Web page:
Molecular imaging of dementia


  • This review article was presented by the authors in Symposium of the 26th annual meeting of Japanese Psychogeriatrics Society in Tokyo, 15–17 June 2011.

Dr Tetsuya Suhara MD PhD, Molecular Imaging Center, National Institute of Radiological Sciences, 4-9-1 Anagawa, Inage-ku, Chiba 263-8555, Japan. Email:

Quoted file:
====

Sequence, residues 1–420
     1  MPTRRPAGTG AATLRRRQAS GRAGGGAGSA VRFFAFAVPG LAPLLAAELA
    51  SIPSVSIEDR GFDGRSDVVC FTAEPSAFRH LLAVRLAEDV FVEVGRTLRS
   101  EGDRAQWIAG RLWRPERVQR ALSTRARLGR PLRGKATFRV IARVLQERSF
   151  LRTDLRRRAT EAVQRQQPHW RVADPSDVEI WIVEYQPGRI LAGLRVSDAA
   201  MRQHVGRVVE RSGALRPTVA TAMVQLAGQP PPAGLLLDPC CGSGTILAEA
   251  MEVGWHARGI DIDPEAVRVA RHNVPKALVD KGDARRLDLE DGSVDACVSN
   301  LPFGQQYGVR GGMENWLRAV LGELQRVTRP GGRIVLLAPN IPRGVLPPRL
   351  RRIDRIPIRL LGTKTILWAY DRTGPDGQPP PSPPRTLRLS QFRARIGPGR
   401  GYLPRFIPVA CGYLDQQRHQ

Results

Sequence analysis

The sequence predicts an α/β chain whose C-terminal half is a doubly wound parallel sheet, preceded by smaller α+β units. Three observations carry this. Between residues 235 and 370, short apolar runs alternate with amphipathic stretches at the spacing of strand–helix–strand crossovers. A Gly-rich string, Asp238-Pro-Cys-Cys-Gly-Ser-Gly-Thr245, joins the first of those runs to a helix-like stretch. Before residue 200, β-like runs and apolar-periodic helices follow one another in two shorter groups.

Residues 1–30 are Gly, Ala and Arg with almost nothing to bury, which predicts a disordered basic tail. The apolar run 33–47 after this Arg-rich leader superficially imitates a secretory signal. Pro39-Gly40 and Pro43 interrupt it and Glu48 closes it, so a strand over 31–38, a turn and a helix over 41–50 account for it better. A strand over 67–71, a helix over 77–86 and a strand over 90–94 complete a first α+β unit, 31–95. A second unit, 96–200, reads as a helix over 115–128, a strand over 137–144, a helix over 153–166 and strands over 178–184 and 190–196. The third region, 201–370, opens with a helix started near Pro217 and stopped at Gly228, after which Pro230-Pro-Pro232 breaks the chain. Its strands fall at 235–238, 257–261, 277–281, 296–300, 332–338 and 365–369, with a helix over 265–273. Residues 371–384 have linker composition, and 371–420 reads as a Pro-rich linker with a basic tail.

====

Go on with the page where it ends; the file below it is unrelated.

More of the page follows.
Diagnosis and treatment strategies for dementia are based on the sensitive and specific detection of the incipient neuropathological characteristics, combined with emerging treatments that counteract molecular processes in its pathogenesis. Positron emission tomography (PET) is used for diverse clinical and basic studies on dementia with a wide range of radiotracers. Approaches to visualize amyloid deposition in human brains non-invasively with PET depend on imaging agents reacting with amyloid fibrils. The most widely used tracer is [11C]-6-OH-BTA-1, also known as Pittsburgh Compound-B, which has a high affinity to amyloid β peptide (Aβ) aggregates. Some 18F-labeled amyloid ligands with a longer radioactive half-life have also been developed for broader clinical applications. In addition, there have been demonstrated advantages of tracers with high specific radioactivity in the sensitive detection of amyloid, which have indicated the significance of Aβ-N3-pyroglutamate as a new diagnostic and therapeutic target. Furthermore, beneficial outcomes of Aβ and tau immunization in humans and mouse models have highlighted crucial roles of immunocompetent glia in the protection of neurons against amyloid toxicities. The utility of PET with a radioligand for translocator protein as a biomarker for tau-triggered toxicity, and as a complement to amyloid and tau imaging for diagnostic assessment of tauopathies with and without Aβ pathologies, has also been demonstrated. Meanwhile, brain cholinergic function can be estimated by measuring acetylcholinesterase activity in the brain with PET and radiolabeled acetylcholine analogues. It has been reported that patients with early Parkinson's disease exhibit a reduction in acetylcholinesterase activity in the cerebral cortex, and this decline is more profound in patients with Parkinson's disease with dementia and dementia with Lewy bodies than in patients with Parkinson's disease without dementia. The Alzheimer's Disease Neuroimaging Initiative was a multicentre research project conducted over 6 years that studied changes in cognition, brain structure, and biomarkers in healthy elderly controls and subjects with mild cognitive impairment and Alzheimer's disease. An international workgroup of the National Institute on Aging-Alzheimer's Association has suggested that Alzheimer's disease would be optimally treated before significant cognitive impairment, defined as a ‘presymptomatic’ or ‘preclinical’ stage. Therefore, PET will be of technical importance for both clinical and basic research aimed at prodromal pathologies of Alzheimer's disease.